Nature, throughout numerous cultures, is seen as divinely feminine. Going by many different names, Mother Earth is the embodiment of fertility, birth, nourishment, creation, the wild. In Ancient Greek she is Gaia: mother goddess of all life, birthing the sea (Pontus) and the sky (Uranus). In Ancient Rome, she is Terra Mater: earth mother. In Lithuania, she is Žemyna: embodiment of fertile earth. For the indigenous people of the Andes, she is Pachamama: fertility goddess.
Archaeological evidence from the ancient world (such as statues and figurines) imply that Earth was venerated as being a female entity. Indeed, this reverence of womanhood, and the perception of Earth as a Mother, is thought to have been a widespread before the expansion of a patriarchal society in c.3000 BC.
Even since then, throughout literature, art, and all threads of culture – we can see the depiction of nature as inherently female. These include Pre-Raphaelite artists depicting seasons as female, romantic poets allegorising nature as female, pagan and wiccan ceremonies worshipping nature goddesses etc.
There are patterns between nature and women which seem intricately linked. The relationship between the moon, our moods, behaviours and menstrual cycles, for example. A pull to rewild women seeks to help us sync with nature, return to old rhythms and patterns that are based in being and feeling rather than producing and doing (a capitalist venture), relate to the more-than-human world around us (animal, plant, spiritual etc) and break free of the oppressive bonds that have kept so many women stuck or unfulfilled in limiting stereotypes.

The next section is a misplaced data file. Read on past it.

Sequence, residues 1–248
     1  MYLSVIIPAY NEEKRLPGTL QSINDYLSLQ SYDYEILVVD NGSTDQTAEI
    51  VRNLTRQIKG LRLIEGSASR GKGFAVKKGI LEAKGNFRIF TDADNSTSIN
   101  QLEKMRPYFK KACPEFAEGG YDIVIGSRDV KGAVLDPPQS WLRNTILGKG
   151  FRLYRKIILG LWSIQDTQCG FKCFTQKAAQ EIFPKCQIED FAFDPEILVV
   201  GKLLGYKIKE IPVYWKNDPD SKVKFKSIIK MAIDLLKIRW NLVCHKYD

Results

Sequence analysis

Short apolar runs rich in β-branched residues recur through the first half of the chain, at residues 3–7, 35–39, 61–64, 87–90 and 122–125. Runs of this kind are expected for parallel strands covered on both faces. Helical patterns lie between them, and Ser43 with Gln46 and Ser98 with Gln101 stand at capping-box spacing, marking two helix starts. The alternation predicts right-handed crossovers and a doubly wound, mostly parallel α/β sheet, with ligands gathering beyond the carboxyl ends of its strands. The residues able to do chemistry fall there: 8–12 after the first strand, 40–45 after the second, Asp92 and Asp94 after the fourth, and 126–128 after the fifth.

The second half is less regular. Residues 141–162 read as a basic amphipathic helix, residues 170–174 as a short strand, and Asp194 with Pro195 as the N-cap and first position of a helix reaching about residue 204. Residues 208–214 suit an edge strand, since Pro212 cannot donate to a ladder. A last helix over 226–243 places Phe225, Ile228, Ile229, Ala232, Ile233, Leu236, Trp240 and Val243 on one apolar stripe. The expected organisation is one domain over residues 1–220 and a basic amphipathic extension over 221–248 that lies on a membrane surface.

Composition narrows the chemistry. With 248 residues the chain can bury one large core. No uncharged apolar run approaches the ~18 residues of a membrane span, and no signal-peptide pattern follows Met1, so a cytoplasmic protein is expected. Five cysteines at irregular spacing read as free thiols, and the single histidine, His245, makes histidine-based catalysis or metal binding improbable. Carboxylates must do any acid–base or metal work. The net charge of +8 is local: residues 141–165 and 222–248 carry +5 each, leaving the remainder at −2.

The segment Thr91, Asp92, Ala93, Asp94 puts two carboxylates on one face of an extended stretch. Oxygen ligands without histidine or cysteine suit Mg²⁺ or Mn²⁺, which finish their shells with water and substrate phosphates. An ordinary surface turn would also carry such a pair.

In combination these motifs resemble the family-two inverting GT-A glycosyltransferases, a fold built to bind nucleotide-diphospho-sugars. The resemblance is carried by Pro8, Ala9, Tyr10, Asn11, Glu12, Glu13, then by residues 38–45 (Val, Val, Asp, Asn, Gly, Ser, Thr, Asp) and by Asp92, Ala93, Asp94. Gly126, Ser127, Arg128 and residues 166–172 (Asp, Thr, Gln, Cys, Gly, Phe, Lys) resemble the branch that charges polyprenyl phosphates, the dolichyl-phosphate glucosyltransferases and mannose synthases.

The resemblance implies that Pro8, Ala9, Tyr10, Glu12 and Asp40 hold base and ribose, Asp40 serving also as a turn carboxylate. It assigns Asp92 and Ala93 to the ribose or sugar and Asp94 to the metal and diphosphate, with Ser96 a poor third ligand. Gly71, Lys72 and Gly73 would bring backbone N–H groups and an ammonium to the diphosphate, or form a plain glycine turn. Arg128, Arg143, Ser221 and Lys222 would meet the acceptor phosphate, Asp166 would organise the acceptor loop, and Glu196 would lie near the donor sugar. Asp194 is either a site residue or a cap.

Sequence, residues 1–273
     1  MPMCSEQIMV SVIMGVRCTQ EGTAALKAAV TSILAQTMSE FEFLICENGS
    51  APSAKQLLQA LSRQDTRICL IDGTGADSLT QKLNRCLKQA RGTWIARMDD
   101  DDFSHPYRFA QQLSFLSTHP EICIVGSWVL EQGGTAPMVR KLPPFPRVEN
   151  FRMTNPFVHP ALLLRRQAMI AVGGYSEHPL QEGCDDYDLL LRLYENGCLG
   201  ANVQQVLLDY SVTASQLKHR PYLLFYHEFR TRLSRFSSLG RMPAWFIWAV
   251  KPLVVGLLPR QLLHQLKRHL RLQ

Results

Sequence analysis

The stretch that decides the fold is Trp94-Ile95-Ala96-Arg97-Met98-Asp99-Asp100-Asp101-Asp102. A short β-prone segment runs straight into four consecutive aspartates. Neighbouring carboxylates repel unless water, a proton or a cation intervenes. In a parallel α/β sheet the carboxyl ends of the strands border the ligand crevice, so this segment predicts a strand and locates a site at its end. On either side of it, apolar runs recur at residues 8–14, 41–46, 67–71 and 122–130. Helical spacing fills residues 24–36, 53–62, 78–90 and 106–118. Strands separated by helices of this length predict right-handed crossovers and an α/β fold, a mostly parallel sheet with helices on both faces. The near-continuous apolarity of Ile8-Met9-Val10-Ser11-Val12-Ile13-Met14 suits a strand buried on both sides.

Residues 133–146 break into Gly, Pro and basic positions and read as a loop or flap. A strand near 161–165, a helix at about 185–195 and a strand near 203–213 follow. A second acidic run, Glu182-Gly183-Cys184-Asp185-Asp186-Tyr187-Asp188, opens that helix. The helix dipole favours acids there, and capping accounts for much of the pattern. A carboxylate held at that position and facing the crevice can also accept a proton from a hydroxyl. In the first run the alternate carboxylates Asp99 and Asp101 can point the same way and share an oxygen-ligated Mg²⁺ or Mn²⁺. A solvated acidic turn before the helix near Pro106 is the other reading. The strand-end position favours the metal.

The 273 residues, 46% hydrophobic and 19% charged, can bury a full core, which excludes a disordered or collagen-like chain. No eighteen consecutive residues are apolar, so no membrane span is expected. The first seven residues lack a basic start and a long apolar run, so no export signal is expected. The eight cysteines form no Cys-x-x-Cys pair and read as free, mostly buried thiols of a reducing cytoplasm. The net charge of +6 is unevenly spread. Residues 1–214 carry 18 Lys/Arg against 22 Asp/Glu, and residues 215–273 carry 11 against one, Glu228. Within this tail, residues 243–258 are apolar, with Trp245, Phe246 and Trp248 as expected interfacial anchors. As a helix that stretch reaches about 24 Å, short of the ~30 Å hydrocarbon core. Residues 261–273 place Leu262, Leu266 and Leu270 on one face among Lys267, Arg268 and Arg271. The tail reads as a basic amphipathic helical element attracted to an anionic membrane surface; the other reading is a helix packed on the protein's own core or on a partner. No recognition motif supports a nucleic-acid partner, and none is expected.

However, you do not need to menstruate to identify as a woman. As gender identity becomes more fluid and inclusive, it is important to recognise a broader understanding of womanhood and mothering. Whatever your gender, divine female energy can be accessed at all times (i.e even if you identify as a man, you can still access your feminine energy).
This primordial female energy, reflected in nature, can be honoured this Mother’s Day. It does not matter the name you wish to call Mother Earth. It does not matter your spirituality, or whether you have any at all. What does matter, is the regard and reverence we hold for the Earth – a presence that can be felt so keenly if we wish it so
Simply opening a window and breathing in air; stepping onto the front path and feeling grass between our fingers, plunging into icy water and feeling cold explode across our skin. Nature gives so much, provides us with so much wonder, beauty, sustenance, nourishment, joy – the very building blocks of life. And yet for so many years now, we have abused, neglected and exploited her.
Mother Earth & Climate Change